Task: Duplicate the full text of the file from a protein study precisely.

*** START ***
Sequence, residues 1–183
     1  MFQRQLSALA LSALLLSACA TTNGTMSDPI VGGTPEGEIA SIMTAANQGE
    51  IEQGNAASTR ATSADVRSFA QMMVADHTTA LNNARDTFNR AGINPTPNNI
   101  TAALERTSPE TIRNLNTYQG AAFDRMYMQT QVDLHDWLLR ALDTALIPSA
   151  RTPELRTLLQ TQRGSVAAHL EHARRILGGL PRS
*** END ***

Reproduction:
Sequence, residues 1–183
     1  MFQRQLSALA LSALLLSACA TTNGTMSDPI VGGTPEGEIA SIMTAANQGE
    51  IEQGNAASTR ATSADVRSFA QMMVADHTTA LNNARDTFNR AGINPTPNNI
   101  TAALERTSPE TIRNLNTYQG AAFDRMYMQT QVDLHDWLLR ALDTALIPSA
   151  RTPELRTLLQ TQRGSVAAHL EHARRILGGL PRS